How TTRPGs let me explore who I am, and who I'm not
DISCLAIMER: I know I’m but a single person -- My mind has not yet been lost ... I mean, I guess?
|Image from pixabay.com|
But, like many gamers, I feel like I get to live many identities. I get to wear masks (not to be on trend here) not in my everyday life, but when I’m evading it through video games, tabletop games, books, or any other means. Not that my life’s bad or anything, mind you, but y’know, sometimes a change of scenery can’t hurt!
I just want to chat about how I use tabletop RPGs to explore identities. I really enjoy feeling both totally disconnected from my character, because we live in different realities; and deeply connected, because they’re a part of me. Am I weird for that? I don’t know, maybe!
I don’t know anyone who claims they’re an elf, or a druid, or a troll decker, or whatever the Hell strikes their gaming fancy. I mean sure you CAN play a pretty straightforward human fighter of your own gender who has a personality very akin to yours, but the tapestry around you will still be completely different.
There’s a form of escapism there, after all.
|Not saying there's anything wrong with tapping into stereotypes, btw!|
But even so, I know many-a-players who don’t get “involved” with their characters: a character is a blank stat block that may or may not have some form of vague personality or background quirks that they secretly hope don’t come up too often.
But me? Me, I’m not that player. And if I become that player, it means that I’m disengaged in your game and it might be time for a character change but huuuuh … let’s not go over this right now!
As years go by, my characters have more and more depth (and no I don’t mean just edgy characters with tragic backstories!) I get involved with my characters. I become them. I don’t mean this in a creepy way, it is what ROLE playing is about for me.
When I was in high school, I didn’t “get into” my characters as much as I do now: the opportunities were quite different. Then I got to play this amazing game, with an amazing GM, who made me discover that there was so much more to TTRPGs. Nephilim changed how I view roleplaying games, my characters and what they meant to me. It was a complete shift.
I was no longer playing a single character, I was playing 3: Rafaëlle Du Lac, Knight of the Templar Order; Amon Ra the Selenim who had been corrupted through years of exposition to Orichalcum; and Amon Ra, the Fire Nephilim who saw his world fall apart. Three characters all rolled into a single experience of awesome.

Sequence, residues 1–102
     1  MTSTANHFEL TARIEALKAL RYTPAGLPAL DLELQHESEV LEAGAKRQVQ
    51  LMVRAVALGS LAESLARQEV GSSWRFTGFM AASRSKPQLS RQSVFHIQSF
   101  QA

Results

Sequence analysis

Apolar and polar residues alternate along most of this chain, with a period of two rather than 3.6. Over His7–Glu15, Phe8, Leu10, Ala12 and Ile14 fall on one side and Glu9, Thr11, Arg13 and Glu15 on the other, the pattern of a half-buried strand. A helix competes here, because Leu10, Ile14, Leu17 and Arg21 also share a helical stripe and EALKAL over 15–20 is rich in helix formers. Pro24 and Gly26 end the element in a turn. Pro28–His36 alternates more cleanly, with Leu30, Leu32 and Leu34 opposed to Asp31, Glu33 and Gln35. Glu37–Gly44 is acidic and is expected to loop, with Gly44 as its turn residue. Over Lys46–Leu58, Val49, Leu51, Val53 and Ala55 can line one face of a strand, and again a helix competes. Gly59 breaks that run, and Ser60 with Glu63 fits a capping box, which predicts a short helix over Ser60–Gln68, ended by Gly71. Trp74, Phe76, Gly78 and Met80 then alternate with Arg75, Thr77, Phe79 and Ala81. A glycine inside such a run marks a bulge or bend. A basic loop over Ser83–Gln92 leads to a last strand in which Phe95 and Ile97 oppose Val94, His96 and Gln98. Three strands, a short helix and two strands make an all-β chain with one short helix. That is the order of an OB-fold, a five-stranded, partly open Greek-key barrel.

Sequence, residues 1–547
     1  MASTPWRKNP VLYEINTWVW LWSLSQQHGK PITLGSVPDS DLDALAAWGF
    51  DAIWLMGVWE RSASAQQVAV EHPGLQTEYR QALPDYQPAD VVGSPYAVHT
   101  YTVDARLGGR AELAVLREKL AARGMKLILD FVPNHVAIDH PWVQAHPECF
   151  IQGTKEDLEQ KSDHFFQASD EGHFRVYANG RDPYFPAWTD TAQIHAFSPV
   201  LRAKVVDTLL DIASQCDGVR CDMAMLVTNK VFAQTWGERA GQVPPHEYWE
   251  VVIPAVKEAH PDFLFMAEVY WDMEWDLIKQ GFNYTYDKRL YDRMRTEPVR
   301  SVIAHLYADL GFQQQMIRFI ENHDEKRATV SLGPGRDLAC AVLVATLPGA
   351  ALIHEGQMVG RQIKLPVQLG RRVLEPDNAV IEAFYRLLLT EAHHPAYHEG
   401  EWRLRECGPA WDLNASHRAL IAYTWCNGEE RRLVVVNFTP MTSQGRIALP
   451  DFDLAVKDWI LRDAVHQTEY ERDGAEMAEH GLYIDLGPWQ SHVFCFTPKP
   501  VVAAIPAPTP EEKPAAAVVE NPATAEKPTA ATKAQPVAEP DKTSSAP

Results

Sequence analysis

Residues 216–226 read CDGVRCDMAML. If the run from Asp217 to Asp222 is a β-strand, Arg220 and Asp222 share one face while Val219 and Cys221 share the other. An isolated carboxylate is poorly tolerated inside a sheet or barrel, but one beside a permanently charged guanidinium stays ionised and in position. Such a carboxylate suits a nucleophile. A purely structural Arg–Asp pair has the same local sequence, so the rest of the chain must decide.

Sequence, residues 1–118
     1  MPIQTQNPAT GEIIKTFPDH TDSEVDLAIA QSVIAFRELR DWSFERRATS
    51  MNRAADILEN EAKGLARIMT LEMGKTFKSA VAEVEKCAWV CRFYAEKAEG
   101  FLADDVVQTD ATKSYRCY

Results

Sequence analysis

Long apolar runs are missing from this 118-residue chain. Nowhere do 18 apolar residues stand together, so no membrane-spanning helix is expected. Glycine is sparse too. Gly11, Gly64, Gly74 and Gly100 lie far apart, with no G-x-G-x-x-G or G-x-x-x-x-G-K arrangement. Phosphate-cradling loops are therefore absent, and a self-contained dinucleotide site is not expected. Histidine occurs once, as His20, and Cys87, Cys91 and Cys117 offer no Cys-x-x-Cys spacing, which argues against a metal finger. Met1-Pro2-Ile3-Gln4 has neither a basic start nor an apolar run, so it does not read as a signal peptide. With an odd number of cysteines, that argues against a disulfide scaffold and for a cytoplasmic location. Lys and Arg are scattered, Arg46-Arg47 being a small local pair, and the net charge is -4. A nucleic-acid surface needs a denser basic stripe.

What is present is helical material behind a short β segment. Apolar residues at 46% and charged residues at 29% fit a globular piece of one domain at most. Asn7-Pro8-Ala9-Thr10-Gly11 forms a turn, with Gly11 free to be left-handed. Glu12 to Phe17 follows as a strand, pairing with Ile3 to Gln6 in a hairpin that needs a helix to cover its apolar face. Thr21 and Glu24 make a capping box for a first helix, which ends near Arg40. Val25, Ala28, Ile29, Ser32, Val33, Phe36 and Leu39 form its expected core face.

|Amon Ra and Rafaëlle|
Of course, while some games provide opportunities like that, it’s not an experience I could easily transpose some games like, let’s say Dungeons & Dragons. Still, I took all I could from my Nephilim days and started crafting more complex characters that would let me explore various aspects of the human (or otherwise) mind, heart, and society.
Not all GMs were onboard with this project, either: I have seen GMs scoff at the very thought of a woman playing male characters, or at the thought of having characters that felt uncomfortable around death, or who were simply thrusted into an unknown country … Those are all things I’ll never get to experience in real life, but these surrogate experiences can all exist in the playground that are tabletop games.
I’m well aware that the line between respectfully exploring a topic and making a mockery out of it can be a pretty dangerous one to walk. There are also topics that are better left alone, but I’m really not here to debate those. All I know is that when I take on a role, when I start working the kinks of a character, I research the topics when necessary, for realism yes, but also for personal growth. This exploration made through characters is, like many things in my life, an opportunity to learn.
I’ve been so many things over time: For me, a character is more than just a mask, more than just stats, they’re all another part of me. And I know there’s this host of people who see characters as simple disposables: Don’t get attached, they might die at any time; don’t create a background, make it as you go. I’m not saying there’s anything wrong with that way of seeing characters, but it’s not mine.
My advice for GMs? Don’t scoff at players wanting to try something new, something outside of their comfort zones. Lean into it. Compromise if you need to. But don’t just go “Well, that’s a stupid idea.” Mostly if your reason is that the character doesn’t match what you envision this player playing. Even if it’s way out there.
My advice for players? Look for opportunities to try something new, maybe even outside of your comfort zone. See your characters as a full, complex person and use them as an opportunity to explore other facets of yourself or humanity.